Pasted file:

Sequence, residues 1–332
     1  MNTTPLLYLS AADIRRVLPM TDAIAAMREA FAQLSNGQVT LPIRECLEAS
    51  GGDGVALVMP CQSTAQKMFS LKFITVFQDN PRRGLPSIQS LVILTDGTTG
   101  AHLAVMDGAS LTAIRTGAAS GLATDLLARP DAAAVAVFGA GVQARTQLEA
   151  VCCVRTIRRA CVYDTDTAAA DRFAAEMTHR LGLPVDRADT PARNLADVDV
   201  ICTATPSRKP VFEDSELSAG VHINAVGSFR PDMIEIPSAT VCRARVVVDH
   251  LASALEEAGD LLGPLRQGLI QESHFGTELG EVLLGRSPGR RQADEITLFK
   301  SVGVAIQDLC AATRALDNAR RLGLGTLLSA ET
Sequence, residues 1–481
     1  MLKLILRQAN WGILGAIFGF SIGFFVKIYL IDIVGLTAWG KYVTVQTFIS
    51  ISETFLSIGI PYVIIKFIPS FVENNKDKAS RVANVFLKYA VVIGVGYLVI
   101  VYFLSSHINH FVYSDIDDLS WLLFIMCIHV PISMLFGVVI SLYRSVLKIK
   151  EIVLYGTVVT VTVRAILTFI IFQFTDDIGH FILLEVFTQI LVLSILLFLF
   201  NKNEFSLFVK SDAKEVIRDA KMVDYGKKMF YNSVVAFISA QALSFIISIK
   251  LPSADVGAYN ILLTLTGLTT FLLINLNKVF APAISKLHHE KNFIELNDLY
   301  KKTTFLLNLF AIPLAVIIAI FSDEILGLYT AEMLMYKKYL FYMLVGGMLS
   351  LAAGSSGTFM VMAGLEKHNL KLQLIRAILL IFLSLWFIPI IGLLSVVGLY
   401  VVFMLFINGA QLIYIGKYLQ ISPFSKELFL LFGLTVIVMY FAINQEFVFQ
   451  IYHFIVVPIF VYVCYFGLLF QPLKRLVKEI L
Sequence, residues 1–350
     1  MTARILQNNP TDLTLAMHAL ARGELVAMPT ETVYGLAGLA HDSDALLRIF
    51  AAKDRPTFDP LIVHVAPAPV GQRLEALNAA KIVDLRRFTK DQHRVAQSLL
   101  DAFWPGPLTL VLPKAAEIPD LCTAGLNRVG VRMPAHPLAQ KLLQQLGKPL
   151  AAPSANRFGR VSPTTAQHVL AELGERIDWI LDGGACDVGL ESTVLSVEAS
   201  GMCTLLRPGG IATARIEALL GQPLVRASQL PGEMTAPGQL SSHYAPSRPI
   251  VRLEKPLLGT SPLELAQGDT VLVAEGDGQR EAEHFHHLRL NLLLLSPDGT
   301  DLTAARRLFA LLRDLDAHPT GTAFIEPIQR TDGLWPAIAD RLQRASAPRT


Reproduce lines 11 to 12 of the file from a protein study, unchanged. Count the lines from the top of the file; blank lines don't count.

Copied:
    51  ISETFLSIGI PYVIIKFIPS FVENNKDKAS RVANVFLKYA VVIGVGYLVI
   101  VYFLSSHINH FVYSDIDDLS WLLFIMCIHV PISMLFGVVI SLYRSVLKIK